Arithmetic with Boolean values
no.email at nospam.invalid
Sun Aug 12 02:54:40 CEST 2012
John Ladasky <john_ladasky at sbcglobal.net> writes:
> I have gotten used to switching back and forth between Boolean algebra
> and numerical values. Python generally makes this quite easy.
Generally ugly though, at least to my tastes. "Explicit is better
than implicit" as the saying goes.
> If the length of the list L is odd, I want to process it once. If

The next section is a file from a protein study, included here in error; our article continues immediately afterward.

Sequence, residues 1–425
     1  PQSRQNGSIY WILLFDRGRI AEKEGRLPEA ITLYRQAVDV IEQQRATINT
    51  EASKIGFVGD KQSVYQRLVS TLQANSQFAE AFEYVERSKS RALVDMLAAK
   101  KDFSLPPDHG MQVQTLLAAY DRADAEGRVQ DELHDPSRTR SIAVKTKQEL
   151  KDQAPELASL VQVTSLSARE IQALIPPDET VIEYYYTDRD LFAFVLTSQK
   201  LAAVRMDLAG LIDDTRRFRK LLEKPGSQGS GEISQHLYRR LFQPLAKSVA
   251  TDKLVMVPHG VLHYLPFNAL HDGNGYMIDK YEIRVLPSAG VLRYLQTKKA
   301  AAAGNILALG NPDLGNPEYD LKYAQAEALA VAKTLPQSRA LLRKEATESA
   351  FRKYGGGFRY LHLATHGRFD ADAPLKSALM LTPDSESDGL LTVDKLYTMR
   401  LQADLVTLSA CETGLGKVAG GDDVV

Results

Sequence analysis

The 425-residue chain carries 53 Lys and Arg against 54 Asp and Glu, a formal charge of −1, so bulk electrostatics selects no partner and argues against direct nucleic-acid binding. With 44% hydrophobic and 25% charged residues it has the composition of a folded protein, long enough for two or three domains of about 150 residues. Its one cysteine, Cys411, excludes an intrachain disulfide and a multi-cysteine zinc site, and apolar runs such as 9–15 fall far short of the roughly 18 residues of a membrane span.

> len(L) is even, I want to process it twice....
> for x in range(1 + not(len(L) % 2)):
If you really have to do something like that, I'd say
for x in range(1 + (len(L) & 1)):
for x in range(2 - len(L) % 2):
are simpler and avoid those bogus bool conversions. I'd prefer to
just say the intention:
for x in range(1 if len(L)%2==1 else 2):
> This provoked a SyntaxError.
"not" is a syntactic keyword and "1 + not" is syntactically invalid.
You could write "1 + (not ...)" as you discovered, but really, it's
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